Poor man’s bronze. Spelter. White Metal. Zinc. French Bronze…Don’t let these interchangeable terms scare you away from collecting some very fine examples of art from that wonderful Art Deco Era, the 20’s through the 40’s.
Many artists worked in both bronze and spelter mediums to increase their market and make their pieces available to the ‘common man’. Pieces were often artist signed, either on the statue or on the base. . Common subject matter was a female or gymnast, along with animals. Diana the Huntress was a favorite theme of many artists, often paired with a dog or a deer. The women tended to be svelte, with long muscular limbs. They were often nude or semi-clad. The haute coulture featured gauntlet waists, rusching, gold colored designs on the clothing and elaborate hats.
Spelter is a zinc or zinc alloy metal. If scraped with another piece of metal, it will be silver or grey in color. (Bronze is yellow if scraped.) It is lighter in weight than bronze. The patina is applied via a painting process rather than with heat or acid as is bronze. Because spelter is a lighter metal than bronze, breaks are more common. Spelter can be glued or welded when repair is necessary. European spelter tends to be heavier than American spelter because of the alloys used and responds better to the welding process.
On the beautiful art deco spelter statues, the artists compensated for the lesser metal by situating the figures on elaborate bases of stone, usually marble, agate, and/or agate. They were often made into garniture sets or lamps. A single statue could be combined with another statue and a whole new piece of art was born. The faces and hands on the statues were of metal or more commonly “ivorene”, “French ivory”, or ”ivorine”. Don’t be confused by this play on words. It is not a form of ivory but rather a plastic. It can deteriorate if atmospheric conditions are too damp. A ”French Bronze” statue with a “French Ivory” face and hands is neither bronze nor ivory. But it is probably French!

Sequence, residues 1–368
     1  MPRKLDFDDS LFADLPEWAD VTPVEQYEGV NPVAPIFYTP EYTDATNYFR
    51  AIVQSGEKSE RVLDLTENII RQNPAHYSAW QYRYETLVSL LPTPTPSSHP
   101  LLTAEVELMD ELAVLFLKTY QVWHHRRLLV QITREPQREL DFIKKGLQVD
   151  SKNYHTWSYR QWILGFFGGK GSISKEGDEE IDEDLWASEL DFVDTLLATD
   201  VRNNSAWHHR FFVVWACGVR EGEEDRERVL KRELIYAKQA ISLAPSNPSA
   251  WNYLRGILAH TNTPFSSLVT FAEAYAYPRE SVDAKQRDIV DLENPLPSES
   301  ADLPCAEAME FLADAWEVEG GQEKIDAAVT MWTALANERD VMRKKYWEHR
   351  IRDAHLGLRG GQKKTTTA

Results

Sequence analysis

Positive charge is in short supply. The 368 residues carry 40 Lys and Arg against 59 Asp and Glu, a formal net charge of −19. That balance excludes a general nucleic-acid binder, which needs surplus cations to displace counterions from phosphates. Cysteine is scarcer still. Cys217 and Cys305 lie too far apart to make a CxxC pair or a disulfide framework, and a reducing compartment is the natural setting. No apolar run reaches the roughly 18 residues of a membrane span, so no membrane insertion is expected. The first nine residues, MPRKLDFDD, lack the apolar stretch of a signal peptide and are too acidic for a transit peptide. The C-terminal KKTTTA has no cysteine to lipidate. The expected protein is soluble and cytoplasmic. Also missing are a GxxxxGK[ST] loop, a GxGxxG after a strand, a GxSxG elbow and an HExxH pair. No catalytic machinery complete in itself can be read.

You are used to using sight, touch feel and sometimes taste when acquiring antiques. But with the statues having French ivory faces, you must also use the sense of smell. If the face or hands smell like vinegar, invest your money elsewhere. That vinegar odor is a sign that the plastic is starting to shrink or deteriorate!
Diane D’Orazio has been an antique dealer favoring bronze and art deco statues for about 45 years. She and her husband Jim have purchased most of their statue in Europe. Art deco statues are found in abundance in their own home.